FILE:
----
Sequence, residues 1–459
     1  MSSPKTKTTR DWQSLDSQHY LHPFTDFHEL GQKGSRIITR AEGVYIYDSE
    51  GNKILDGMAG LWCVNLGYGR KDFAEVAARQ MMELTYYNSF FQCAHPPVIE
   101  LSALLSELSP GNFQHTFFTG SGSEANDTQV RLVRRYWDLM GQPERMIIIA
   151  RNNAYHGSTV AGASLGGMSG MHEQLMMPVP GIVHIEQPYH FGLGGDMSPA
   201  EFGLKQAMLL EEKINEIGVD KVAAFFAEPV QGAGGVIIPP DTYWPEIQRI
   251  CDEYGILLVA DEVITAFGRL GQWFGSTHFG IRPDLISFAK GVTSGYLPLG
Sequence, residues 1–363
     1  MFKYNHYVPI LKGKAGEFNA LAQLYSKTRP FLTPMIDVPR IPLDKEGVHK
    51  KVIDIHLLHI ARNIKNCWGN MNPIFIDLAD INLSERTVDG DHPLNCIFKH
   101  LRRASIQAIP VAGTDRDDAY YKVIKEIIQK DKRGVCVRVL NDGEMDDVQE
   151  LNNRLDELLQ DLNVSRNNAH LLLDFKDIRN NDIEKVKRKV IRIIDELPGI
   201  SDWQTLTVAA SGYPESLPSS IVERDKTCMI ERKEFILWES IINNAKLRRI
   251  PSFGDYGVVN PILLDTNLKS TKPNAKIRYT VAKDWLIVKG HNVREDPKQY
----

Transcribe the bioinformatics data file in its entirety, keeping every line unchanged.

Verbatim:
Sequence, residues 1–459
     1  MSSPKTKTTR DWQSLDSQHY LHPFTDFHEL GQKGSRIITR AEGVYIYDSE
    51  GNKILDGMAG LWCVNLGYGR KDFAEVAARQ MMELTYYNSF FQCAHPPVIE
   101  LSALLSELSP GNFQHTFFTG SGSEANDTQV RLVRRYWDLM GQPERMIIIA
   151  RNNAYHGSTV AGASLGGMSG MHEQLMMPVP GIVHIEQPYH FGLGGDMSPA
   201  EFGLKQAMLL EEKINEIGVD KVAAFFAEPV QGAGGVIIPP DTYWPEIQRI
   251  CDEYGILLVA DEVITAFGRL GQWFGSTHFG IRPDLISFAK GVTSGYLPLG
Sequence, residues 1–363
     1  MFKYNHYVPI LKGKAGEFNA LAQLYSKTRP FLTPMIDVPR IPLDKEGVHK
    51  KVIDIHLLHI ARNIKNCWGN MNPIFIDLAD INLSERTVDG DHPLNCIFKH
   101  LRRASIQAIP VAGTDRDDAY YKVIKEIIQK DKRGVCVRVL NDGEMDDVQE
   151  LNNRLDELLQ DLNVSRNNAH LLLDFKDIRN NDIEKVKRKV IRIIDELPGI
   201  SDWQTLTVAA SGYPESLPSS IVERDKTCMI ERKEFILWES IINNAKLRRI
   251  PSFGDYGVVN PILLDTNLKS TKPNAKIRYT VAKDWLIVKG HNVREDPKQY